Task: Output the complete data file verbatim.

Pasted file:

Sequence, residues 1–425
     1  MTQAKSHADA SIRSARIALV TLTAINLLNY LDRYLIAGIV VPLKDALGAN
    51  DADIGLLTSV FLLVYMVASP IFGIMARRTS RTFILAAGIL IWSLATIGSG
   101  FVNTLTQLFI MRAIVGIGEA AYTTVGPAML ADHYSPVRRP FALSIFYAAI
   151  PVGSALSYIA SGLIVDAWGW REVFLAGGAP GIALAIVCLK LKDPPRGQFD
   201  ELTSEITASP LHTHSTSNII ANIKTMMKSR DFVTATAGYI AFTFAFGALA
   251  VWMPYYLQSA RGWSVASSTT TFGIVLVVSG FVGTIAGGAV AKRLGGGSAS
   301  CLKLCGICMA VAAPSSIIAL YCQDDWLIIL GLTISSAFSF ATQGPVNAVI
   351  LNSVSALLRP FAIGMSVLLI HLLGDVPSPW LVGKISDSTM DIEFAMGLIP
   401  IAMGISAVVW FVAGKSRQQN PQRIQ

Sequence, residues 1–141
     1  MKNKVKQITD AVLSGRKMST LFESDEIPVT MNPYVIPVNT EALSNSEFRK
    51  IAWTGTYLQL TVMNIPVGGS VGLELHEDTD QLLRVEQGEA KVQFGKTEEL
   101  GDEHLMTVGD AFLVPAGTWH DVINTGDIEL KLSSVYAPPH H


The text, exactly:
Sequence, residues 1–425
     1  MTQAKSHADA SIRSARIALV TLTAINLLNY LDRYLIAGIV VPLKDALGAN
    51  DADIGLLTSV FLLVYMVASP IFGIMARRTS RTFILAAGIL IWSLATIGSG
   101  FVNTLTQLFI MRAIVGIGEA AYTTVGPAML ADHYSPVRRP FALSIFYAAI
   151  PVGSALSYIA SGLIVDAWGW REVFLAGGAP GIALAIVCLK LKDPPRGQFD
   201  ELTSEITASP LHTHSTSNII ANIKTMMKSR DFVTATAGYI AFTFAFGALA
   251  VWMPYYLQSA RGWSVASSTT TFGIVLVVSG FVGTIAGGAV AKRLGGGSAS
   301  CLKLCGICMA VAAPSSIIAL YCQDDWLIIL GLTISSAFSF ATQGPVNAVI
   351  LNSVSALLRP FAIGMSVLLI HLLGDVPSPW LVGKISDSTM DIEFAMGLIP
   401  IAMGISAVVW FVAGKSRQQN PQRIQ

Sequence, residues 1–141
     1  MKNKVKQITD AVLSGRKMST LFESDEIPVT MNPYVIPVNT EALSNSEFRK
    51  IAWTGTYLQL TVMNIPVGGS VGLELHEDTD QLLRVEQGEA KVQFGKTEEL
   101  GDEHLMTVGD AFLVPAGTWH DVINTGDIEL KLSSVYAPPH H